Why does fake news gain momentum faster than actual news?

Social Media Sep 13, 2021

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In recent times, fake news has been associated with social media though it has been around in the mainstream for a long time. The term has been defined as news stories that are false. This means that there are no facts, sources and/or quotes to verify the story, or the story itself is fabricated or manipulated.

Take the example of Sudhir Chaudhary, the editor-in-chief of Zee News, who after the demonetization in 2016 reported that the new 2000 rupee notes have a chip in them that would help the RBI trace them even if buried underground. This claim was delivered as “news” despite there being no evidence to substantiate it.

While dealing with fake news, misinformation and disinformation are often used interchangeably but misinformation refers to false or inaccurate information which has no intent to deceive, whereas disinformation is created deliberately to obscure the truth and influence public opinion.

To put it into perspective, a comedian’s parody could be considered misinformation since it may be perceived as information rather than entertainment while having no intention to do so.

On the other hand, disinformation involves:

  • Misleadingly framing information
  • Impersonating a genuine source to sound credible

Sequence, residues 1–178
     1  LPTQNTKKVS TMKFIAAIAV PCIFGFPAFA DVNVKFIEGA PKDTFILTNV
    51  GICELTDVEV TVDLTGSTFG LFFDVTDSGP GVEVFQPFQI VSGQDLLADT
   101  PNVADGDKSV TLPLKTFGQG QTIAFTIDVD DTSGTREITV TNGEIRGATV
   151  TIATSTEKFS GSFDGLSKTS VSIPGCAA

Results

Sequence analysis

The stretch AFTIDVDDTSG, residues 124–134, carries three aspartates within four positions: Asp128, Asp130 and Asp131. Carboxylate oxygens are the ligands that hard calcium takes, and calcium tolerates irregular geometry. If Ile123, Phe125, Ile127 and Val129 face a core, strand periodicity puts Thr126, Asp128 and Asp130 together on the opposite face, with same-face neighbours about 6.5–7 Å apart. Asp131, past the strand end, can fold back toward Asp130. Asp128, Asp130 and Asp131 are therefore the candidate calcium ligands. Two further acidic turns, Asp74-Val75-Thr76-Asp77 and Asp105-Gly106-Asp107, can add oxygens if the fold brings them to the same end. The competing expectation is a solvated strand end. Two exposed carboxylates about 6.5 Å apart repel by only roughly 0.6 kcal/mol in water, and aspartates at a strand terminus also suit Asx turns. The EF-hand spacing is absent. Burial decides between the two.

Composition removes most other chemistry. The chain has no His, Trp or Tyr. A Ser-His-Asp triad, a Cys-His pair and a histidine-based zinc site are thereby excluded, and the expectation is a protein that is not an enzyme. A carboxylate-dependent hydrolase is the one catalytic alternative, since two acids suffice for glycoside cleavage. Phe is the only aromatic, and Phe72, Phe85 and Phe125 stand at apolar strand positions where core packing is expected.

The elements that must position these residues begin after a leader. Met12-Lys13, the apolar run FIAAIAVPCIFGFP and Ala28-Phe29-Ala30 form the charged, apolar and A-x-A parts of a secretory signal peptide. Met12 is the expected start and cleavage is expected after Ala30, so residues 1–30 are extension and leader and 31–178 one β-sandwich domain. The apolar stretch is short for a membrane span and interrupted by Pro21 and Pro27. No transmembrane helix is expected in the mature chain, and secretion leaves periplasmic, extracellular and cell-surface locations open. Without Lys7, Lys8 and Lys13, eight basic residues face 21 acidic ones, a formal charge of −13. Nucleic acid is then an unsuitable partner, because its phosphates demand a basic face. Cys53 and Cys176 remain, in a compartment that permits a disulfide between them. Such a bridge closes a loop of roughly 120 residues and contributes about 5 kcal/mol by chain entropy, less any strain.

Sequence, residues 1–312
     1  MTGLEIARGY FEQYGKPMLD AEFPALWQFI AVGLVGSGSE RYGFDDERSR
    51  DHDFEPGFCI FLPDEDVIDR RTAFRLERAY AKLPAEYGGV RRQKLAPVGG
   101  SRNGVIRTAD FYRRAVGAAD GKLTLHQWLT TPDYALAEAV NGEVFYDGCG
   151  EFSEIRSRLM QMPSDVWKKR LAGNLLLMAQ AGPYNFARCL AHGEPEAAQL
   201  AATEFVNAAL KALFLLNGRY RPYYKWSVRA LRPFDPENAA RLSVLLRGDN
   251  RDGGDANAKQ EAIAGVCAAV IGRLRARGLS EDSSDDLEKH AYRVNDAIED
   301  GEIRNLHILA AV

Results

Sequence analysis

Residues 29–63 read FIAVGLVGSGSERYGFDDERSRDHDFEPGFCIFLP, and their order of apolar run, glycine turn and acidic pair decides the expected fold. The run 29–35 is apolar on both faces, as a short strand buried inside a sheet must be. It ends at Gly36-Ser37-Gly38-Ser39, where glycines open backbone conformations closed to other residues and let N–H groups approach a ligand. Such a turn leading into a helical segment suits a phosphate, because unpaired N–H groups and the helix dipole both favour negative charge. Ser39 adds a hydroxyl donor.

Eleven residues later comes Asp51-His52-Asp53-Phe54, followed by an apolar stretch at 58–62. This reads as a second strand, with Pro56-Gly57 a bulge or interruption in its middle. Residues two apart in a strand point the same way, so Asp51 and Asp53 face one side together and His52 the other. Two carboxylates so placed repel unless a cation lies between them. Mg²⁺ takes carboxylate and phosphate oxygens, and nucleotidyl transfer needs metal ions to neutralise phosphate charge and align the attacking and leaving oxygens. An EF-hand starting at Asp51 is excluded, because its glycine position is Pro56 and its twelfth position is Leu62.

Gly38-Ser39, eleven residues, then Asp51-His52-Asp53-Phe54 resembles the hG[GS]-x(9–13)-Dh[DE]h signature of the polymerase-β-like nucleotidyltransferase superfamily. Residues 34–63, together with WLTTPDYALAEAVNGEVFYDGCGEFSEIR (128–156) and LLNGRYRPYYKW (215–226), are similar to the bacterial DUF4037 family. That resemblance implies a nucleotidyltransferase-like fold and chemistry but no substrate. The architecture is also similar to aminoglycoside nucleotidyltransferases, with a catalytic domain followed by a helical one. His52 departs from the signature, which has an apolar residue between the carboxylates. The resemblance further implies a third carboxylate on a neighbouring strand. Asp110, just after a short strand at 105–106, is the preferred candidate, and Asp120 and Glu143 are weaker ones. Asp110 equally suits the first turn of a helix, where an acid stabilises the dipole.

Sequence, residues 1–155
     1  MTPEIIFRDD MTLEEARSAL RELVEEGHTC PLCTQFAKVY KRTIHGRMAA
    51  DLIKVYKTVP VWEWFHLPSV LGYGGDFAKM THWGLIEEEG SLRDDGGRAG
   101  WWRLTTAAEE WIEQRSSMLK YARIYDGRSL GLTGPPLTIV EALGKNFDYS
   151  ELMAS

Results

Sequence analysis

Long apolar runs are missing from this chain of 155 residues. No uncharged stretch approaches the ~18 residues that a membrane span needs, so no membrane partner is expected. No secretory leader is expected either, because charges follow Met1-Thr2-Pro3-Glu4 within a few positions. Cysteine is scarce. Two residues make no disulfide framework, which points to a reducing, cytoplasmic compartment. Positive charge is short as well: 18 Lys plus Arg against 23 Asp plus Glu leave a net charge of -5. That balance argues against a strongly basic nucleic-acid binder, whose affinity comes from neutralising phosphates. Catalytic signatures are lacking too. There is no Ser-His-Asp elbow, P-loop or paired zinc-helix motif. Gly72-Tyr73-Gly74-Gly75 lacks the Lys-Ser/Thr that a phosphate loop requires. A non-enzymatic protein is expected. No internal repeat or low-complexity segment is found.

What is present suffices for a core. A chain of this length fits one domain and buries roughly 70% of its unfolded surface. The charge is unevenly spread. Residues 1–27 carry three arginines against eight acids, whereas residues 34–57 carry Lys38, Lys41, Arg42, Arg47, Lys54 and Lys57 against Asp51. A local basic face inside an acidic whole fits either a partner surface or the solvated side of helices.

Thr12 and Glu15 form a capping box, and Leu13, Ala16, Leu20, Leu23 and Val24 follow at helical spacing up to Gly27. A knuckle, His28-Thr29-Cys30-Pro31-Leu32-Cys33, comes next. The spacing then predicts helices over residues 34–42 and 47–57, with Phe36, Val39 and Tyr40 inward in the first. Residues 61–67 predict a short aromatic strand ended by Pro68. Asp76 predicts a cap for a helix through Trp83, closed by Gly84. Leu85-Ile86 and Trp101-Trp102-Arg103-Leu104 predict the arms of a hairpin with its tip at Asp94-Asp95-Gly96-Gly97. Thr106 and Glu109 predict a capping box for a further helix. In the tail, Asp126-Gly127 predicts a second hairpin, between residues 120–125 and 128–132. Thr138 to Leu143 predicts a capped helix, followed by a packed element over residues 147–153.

• Fabricating or altering news
  • Creating false connections to insinuate an idea
  • Sharing genuine information under a false pretence

Now that we know what fake news is, we have to ask- why do people falsify information? Propaganda is an important aspect that shapes fake news.

Information may be fabricated/spread to malign an individual’s character or reputation. Take the media trial of Rhea Chakraborty, for example, which levelled allegations of money laundering, drug peddling, and murder; based mostly on speculations.

On the other end of the spectrum, fake news is propagated to amplify an individual’s greatness. This is often observed in politics as a tactic to gain support or votes.

Fake news needn’t always be completely untrue. Sometimes factual information is contorted to fit the desired narrative or some information is left out, making it ambiguous. To understand this, we can use the example of the statement, “The government has electrified all villages across India.” This is true, but if reported as is, the story would leave out important information that though every village has received electricity, not every household has. Leaving this small detail out makes the news vague by making it seem like a bigger achievement than it is.

Besides the existence of fake news on print, television, and radio, online media has also become a tool of propaganda. WhatsApp forwards have become notorious sources of “news” that have no value or truth to it. This was seen during the pandemic when a lot of messages about how to prevent or cure Covid-19 made rounds along with untrue claims about the vaccine. There has also been an influx of edited/misdated photographs posing as credible sources of news being shared on social media.

The roots of fake news go deep and its implications deeper- influencing people, polarizing them, and providing falsified information, which ultimately results in a misinformed public. Fake news has tainted journalism as we know it since some people believe unreliable, untrue information, while the prudent find it hard to trust news outlets to uphold the legitimacy of democracy. It is left to people to cross-reference news items with other sources to verify their validity.

This article has been written by Pravallika Manju for The Paradigm

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